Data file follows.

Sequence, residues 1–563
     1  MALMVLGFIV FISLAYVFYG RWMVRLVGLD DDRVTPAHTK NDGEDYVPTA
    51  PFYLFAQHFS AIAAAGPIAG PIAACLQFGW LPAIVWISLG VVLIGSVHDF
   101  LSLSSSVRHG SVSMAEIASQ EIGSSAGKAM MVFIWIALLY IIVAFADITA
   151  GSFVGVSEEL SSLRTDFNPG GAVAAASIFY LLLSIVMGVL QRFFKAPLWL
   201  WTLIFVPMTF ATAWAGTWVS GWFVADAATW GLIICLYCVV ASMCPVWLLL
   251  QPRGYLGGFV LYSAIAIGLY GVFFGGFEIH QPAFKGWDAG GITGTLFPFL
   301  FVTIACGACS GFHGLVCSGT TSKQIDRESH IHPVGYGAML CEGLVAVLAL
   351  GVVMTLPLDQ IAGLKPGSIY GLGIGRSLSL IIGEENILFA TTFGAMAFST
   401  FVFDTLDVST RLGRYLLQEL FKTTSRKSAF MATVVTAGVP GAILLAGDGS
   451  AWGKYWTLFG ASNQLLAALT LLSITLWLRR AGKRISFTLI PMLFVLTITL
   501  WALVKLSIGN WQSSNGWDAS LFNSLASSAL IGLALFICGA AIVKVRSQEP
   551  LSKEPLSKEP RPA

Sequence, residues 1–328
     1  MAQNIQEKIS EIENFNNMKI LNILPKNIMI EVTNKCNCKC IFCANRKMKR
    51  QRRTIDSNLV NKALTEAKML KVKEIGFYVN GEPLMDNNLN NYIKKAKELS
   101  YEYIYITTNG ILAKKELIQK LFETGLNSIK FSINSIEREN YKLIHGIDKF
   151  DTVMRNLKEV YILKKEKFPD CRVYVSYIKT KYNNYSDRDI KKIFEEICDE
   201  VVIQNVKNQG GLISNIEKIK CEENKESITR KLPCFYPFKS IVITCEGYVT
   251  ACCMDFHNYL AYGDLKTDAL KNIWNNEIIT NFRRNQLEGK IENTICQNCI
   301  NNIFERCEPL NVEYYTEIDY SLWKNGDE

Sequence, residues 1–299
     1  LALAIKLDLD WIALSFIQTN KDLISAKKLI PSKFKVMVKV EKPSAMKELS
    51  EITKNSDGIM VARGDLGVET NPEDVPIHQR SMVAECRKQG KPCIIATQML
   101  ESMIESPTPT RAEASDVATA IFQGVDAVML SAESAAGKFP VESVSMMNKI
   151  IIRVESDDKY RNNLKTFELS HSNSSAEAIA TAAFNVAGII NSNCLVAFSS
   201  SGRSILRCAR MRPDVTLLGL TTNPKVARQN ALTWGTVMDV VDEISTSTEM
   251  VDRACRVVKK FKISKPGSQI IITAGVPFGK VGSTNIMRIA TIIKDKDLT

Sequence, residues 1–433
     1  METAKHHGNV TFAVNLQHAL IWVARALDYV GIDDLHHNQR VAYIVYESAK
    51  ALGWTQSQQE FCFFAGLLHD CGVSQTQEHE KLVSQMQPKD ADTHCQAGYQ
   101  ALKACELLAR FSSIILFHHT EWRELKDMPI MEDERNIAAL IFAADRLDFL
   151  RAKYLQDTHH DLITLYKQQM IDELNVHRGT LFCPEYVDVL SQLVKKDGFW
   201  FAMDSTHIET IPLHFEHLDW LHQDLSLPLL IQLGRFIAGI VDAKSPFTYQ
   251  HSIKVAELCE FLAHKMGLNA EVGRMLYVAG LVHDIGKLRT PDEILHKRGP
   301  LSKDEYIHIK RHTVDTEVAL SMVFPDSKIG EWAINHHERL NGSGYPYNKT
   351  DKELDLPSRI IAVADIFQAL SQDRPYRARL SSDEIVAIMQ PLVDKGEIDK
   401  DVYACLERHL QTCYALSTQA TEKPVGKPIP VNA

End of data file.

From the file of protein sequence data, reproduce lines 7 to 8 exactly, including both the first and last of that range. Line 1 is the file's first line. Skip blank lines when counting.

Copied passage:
   251  QPRGYLGGFV LYSAIAIGLY GVFFGGFEIH QPAFKGWDAG GITGTLFPFL
   301  FVTIACGACS GFHGLVCSGT TSKQIDRESH IHPVGYGAML CEGLVAVLAL